What worries us most is often not what actually gets us—that is, causes us our biggest problems. The enormous human capacity for worry can result in productive focus and taking action. Artificial Intelligence (A.I.) inspires our imaginations, invokes our worst nightmares and touches our deepest fears. Near-term, it threatens to take away our jobs and leave us with no way to feed our families.
Today, there is widespread concern expressed by A.I. experts about the danger of an A.I. takeover or the impending apocalypse with A.I. surpassing us and doing most human activities in less than 50 years. Visionaries like Elon Musk warn about A.I. contributing to our extinction. It’s far-enough in the future that it’s hard to disprove and near-future-enough to be terrifying. This makes for attention-grabbing, irresistible headlines and a lot of anxiety.
How to Prep for Disaster
Some may remember that less than two decades ago, the “year 2000” (Y2K) problem inspired similar headlines and fear. The Y2K disaster of storing dates as two-digits that were used in calculations all over the globe caused high anxiety, inspired several scary movies and had experts quoting worldwide computer failure and subsequent doomsday scenarios, prophecies that had us all holding our breaths on New Year’s Eve 1999 into 2000.
Luckily, Y2K was an anticipated problem that was addressed worldwide. As a consequence, the actual problems caused by Y2K have been considered relatively minor. Admittedly, all that Y2K hysteria may seem a bit quaint now, so let’s hope this is how we—and/or the generations after us—perceive the current talk of A.I. and the End of the World by the year 2060. All of the diligence of companies and governments to assess, fix, test and upgrade their systems meant that serious crises were averted. Human worry paid off.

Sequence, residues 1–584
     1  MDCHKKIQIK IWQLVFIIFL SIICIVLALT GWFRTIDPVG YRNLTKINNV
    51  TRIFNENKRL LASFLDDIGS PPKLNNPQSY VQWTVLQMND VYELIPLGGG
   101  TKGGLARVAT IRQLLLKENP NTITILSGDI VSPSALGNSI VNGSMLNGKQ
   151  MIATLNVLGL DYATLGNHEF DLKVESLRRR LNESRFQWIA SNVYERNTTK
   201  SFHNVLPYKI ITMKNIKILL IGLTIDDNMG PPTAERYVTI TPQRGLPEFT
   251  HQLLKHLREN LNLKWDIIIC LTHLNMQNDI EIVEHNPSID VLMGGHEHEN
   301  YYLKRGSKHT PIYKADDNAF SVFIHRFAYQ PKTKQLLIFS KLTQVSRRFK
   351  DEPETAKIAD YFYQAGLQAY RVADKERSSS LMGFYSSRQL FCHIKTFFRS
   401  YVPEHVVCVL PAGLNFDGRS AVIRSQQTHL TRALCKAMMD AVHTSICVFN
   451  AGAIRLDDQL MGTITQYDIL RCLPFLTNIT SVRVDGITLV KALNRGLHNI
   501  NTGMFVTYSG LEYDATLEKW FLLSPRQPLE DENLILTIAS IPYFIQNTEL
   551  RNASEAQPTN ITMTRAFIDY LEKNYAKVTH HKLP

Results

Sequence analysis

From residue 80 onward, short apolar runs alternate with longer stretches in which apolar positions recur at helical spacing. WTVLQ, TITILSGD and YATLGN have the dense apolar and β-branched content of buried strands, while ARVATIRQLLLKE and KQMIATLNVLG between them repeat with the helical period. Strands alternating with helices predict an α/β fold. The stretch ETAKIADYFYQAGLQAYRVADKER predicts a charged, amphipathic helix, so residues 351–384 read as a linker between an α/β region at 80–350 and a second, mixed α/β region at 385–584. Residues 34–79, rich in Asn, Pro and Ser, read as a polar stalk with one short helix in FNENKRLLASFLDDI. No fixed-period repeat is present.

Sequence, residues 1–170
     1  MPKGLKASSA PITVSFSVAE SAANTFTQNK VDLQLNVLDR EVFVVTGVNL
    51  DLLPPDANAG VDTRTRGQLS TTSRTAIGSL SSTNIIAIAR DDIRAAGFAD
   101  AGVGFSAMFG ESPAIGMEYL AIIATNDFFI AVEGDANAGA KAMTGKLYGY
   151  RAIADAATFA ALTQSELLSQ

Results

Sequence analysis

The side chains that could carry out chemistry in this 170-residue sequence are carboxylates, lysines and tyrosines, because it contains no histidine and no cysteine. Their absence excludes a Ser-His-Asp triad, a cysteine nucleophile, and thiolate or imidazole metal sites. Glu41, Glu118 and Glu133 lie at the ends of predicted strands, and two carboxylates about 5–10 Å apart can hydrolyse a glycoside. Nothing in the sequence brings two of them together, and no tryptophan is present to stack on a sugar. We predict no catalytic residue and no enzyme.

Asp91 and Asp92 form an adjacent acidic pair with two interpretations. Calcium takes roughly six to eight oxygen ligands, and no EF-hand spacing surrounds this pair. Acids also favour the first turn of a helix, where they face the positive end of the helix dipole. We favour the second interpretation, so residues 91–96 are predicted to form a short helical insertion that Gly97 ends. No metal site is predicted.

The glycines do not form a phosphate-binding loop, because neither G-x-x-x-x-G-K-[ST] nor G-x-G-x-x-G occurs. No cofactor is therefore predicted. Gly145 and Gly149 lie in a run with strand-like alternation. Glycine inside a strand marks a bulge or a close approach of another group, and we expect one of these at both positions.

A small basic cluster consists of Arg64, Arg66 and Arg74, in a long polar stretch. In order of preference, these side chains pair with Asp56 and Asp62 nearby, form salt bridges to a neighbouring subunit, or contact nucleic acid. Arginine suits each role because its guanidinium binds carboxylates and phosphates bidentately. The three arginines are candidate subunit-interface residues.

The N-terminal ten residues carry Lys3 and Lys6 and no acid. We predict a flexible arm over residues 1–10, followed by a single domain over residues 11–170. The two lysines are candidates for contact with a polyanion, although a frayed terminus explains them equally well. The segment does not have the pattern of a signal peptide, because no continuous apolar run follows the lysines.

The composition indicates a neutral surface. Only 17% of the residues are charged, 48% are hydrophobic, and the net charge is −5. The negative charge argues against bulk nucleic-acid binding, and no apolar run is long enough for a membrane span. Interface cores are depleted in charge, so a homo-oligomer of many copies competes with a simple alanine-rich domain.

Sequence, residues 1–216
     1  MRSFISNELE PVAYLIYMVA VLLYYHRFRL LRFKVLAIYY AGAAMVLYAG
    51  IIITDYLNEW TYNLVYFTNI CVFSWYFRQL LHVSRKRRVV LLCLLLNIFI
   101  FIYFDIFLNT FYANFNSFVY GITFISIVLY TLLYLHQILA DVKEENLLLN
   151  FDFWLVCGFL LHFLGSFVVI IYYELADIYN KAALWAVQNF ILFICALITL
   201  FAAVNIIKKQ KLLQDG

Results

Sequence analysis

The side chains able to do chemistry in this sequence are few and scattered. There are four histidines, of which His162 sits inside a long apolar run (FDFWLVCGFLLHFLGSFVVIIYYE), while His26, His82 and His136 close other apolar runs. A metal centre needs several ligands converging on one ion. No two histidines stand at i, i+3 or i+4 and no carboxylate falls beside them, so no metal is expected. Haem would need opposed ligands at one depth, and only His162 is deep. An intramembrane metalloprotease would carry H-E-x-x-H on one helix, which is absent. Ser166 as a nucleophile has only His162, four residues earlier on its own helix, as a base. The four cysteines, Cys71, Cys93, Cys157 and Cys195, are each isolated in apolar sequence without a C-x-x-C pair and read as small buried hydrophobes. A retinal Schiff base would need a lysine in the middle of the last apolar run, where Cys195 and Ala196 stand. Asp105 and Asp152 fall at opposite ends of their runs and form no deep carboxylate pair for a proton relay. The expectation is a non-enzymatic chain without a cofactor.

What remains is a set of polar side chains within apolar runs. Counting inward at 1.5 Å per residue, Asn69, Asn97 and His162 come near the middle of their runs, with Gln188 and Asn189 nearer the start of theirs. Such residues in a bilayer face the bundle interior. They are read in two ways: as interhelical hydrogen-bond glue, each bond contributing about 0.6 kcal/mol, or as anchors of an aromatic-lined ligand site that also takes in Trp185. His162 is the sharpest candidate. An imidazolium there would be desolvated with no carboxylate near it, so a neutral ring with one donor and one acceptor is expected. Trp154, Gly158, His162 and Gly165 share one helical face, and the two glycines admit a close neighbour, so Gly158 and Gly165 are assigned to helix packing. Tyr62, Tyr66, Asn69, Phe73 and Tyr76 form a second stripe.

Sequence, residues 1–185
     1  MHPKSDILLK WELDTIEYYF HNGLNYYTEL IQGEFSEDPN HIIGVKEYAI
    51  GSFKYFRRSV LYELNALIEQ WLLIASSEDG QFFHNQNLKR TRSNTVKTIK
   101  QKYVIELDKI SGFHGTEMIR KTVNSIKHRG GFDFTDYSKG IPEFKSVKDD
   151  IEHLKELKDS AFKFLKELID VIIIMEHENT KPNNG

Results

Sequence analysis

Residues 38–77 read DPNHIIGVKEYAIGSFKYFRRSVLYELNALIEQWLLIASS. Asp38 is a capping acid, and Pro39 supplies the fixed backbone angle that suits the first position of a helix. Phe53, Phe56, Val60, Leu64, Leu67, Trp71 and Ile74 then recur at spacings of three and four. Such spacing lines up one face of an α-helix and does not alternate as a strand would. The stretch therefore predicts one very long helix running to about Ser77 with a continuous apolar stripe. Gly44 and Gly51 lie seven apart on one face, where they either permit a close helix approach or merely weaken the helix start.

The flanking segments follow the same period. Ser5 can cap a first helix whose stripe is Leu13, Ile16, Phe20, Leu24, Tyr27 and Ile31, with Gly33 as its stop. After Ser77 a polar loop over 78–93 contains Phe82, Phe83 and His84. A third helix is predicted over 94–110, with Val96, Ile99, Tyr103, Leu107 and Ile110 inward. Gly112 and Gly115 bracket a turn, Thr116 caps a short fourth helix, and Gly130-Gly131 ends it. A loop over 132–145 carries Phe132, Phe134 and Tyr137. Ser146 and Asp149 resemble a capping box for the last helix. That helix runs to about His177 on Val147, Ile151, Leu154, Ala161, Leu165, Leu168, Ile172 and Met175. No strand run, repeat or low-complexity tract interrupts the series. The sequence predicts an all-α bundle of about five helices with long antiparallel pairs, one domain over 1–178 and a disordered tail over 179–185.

We owe it to ourselves to worry about A.I., not because it’s exhilarating to ponder over or might lead to a nightmare end, but because it means significant change. The Industrial Revolution mechanized our world, improved the standard of living for most people and had a horrific impact on the environment, among many, many other things. A.I. stands to have this level of impact on changing our world and altering our economic landscape. Jobs may shift, but they won’t end. Call it human hubris, mano a mano, but we are necessary and critical to shaping the future, what work means and how it will be accomplished.
Take something as mundane as an invoice. A.I. software, the most advanced of its kind, extracts data from thousands of invoices for corporate account payable systems in seconds powered by machine learning so that the system becomes more accurate and delivers better results over time. This is an example of “applied A.I.” and is representative of the most-impactful form of A.I. on our horizon. This type of A.I. is what is powering the growth of what is called “robotic process automation” (RPA). This area of AI involves automating the repetitive tasks that often are part of a worker’s daily activity, but rarely the most important part of what they contribute.
Using an invoice workflow as an example, leveraging A.I. helps to eliminate the tedious process of inputting each invoice by hand, but subject matter experts are necessary to perform the financial analysis in areas such as spend management that can provide much more value if only more time was available.
Another example of A.I.-powered RPA is in IT automation for provisioning new applications or new users on a system; these tasks are well-defined and repetitive.
A.I. is good at—and will only become better at—repetitive, constrained, fully-defined tasks over time. After all, we see this development today. It frees up already time-constrained staff to focus on real added value in areas that require human creativity, strategic thinking, concept building, innovation and cross-domain expertise. Jobs will shift, and humans will all be required to be lifetime learners. This may be alien to some, but to the children of our children, it will be the natural way of the world. Today, many of us expect to change careers at least once in a lifetime. That, in itself, is a big change from what many of our parents experienced.
Let A.I. worry us so that we build some safeguards and create the necessary constraints across all of our industries. A.I. intrigues us. Zombies fascinate us, too, but this does not (necessarily) mean that we will wake up one day with them at the window.
About the Authors: Greg Council is the VP of Marketing and Product Management at Parascript who specializes in bringing products to market in the document capture, enterprise content management and business process management markets. Rebecca Rowe is the Senior Marketing Manager at Parascript and an author with a focus in artificial intelligence software.
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